Canada is not sovereign? Google says the fourth most-searched question about Canada is, “Is Canada a country?” That seems silly. But it seems they never formed Canada properly in law. If so, then it exists due to the de facto doctrine. The de facto doctrine prevents anarchy.
Canadians are told the British North American Act (“BNA Act”) in 1867 united the four provinces (Ontario, Quebec, New Brunswick, and Nova Scotia) into a political entity called Canada.
Being sovereign means not being subservient to another country’s laws. But the 1867 BNA Act is a British law. In fact, the UK Government web site, legislation.co.uk, lists it. That means the UK government can rescind their BNA Act at anytime.
Sovereignty means not being subservient to another country’s laws, such as UK’s BNA Act.
The U.S. Supreme Court defined sovereignty in the famous 1793 Chisolm v. Georgia case:
“The supreme, absolute, and uncontrollable power by which any independent state is governed; the self-sufficient source of political power, from which all specific political powers are derived; the international dependence of a state, combined with the right and power of regulating its internal affairs without foreign dictation…”
In 1982 Canadian Prime Minister Trudeau “repatriated” the BNA Act from the United Kingdom. Basically, it was asking the UK for permission to amend the Constitution (Charter of Rights and Freedoms + the BNA Act) in the future without their permission.
As the BNA Act is a British law, and that law supposedly formed Canada, then Canada is not sovereign. In short, it is not “self-sufficient”, nor “without foreign dictation.”
The website The Myth is Canada has some excellent information. For example, it has the 1976 letter from Walter Kuhl, former Member of Parliament, to Rene Lévesque, then Premier of Quebec. Walter Kuhl’s research included accessing the Queen’s private library underneath London’s Hyde Park. That is why Kuhl concluded Canada was never lawfully confederated into a sovereign state. Kuhl discussed this in Parliament. The Hansards recorded it.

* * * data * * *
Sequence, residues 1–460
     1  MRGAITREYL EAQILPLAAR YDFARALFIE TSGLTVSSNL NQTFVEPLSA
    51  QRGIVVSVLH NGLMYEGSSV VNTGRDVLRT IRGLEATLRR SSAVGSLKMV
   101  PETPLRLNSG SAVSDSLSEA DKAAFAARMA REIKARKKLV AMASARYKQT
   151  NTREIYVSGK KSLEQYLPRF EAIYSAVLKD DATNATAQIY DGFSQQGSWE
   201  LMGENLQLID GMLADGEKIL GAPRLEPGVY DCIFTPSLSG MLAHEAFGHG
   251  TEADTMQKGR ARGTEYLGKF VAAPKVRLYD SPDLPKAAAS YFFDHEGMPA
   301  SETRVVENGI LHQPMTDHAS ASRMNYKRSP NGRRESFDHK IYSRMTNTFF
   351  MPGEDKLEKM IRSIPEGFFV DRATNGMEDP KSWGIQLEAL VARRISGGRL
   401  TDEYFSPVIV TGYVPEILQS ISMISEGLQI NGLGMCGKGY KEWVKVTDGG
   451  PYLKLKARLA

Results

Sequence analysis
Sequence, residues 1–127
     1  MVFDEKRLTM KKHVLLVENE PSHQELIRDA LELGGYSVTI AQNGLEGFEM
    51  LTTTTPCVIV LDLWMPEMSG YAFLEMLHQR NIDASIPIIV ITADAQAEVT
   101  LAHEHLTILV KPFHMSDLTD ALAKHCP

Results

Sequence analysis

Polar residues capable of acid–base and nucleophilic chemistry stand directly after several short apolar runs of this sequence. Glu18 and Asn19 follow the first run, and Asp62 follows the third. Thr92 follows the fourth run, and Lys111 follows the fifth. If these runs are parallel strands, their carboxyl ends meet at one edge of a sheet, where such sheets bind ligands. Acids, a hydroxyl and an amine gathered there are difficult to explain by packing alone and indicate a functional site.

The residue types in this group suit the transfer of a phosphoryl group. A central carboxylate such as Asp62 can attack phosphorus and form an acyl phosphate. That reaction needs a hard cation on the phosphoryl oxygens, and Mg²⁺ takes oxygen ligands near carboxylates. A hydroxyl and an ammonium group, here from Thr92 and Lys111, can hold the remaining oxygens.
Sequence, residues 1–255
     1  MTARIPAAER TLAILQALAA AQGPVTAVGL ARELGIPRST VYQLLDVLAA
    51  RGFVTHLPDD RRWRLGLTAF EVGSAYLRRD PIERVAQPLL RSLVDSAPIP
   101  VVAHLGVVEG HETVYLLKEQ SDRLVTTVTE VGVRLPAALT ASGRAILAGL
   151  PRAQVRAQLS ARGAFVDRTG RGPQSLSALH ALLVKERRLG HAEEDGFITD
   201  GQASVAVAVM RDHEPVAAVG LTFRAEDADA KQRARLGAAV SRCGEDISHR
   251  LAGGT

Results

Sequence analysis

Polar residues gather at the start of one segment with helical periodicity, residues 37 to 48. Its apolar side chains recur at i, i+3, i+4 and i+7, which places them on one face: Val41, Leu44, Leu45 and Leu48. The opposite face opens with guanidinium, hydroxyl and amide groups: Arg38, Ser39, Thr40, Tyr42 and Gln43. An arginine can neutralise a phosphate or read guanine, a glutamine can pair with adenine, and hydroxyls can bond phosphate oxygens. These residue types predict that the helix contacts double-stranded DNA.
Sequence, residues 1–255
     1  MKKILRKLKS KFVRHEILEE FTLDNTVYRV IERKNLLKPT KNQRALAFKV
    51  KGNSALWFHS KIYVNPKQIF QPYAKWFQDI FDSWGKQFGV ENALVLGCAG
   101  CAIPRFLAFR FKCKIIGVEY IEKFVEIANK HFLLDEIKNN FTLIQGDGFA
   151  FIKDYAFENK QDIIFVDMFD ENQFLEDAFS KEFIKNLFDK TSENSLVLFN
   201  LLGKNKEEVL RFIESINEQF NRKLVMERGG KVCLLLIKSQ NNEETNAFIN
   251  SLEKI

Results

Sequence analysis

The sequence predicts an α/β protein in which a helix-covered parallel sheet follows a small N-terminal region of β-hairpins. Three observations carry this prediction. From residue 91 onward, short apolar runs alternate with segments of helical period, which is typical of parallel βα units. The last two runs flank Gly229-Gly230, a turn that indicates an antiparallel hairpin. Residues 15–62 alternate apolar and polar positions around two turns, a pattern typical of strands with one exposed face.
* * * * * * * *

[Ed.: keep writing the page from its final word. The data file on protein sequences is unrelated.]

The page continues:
In 2006 Patrick Anthony Ellis published Fabrication of a Nation(click on it to download his 92-page essay). Ellis also proposes Canada is not sovereign.
So does this mean Canada does not legally exist? Well, maybe not quite.
Rogers Smith could not find a copy of the BNA Act in Canada
Duhaime’s Law Dictionary defines de facto as: “a matter of fact; something which, while not necessarily lawful, exists in fact.”
We earlier introduced Canadian judge Albert Constantineau and his 1910 law book, The De Facto Doctrine. It states on page 5:
“The (de facto) doctrine is necessary to maintain the supremacy of the law and to preserve peace and order in the community at large, since any other rule would lead to such uncertainty and confusion, as to break up the order and quiet of all civil administration.”
On page 5 Constantineau continues, “The history of the world is the history of kingdoms and empires, and civilizations de facto, becoming de jure, because they are de facto.”
In short, the de facto doctrine, out of necessity (public policy) prevents anarchy.
The de facto doctrine, out of necessity (public policy) prevents anarchy
The de facto doctrine is in Section 15 of Canada’s Criminal Code:
Obedience to de facto law
15 No person shall be convicted of an offence in respect of an act or omission in obedience to the laws for the time being made and enforced by persons in de facto possession of the sovereign power in and over the place where the act or omission occurs.
So is the de facto doctrine in Canada’s Criminal Code because Canada is not sovereign? Hmm.
Canada’s Criminal Code uses the de facto doctrine
Canada Day is a national holiday every year on July 1st. In 2017, The federal Government spent half a billon dollars celebrating Canada’s 150th “birthday”. Even if Canada is not sovereign, the de facto doctrine allows us to celebrate being “Canadians”, eh?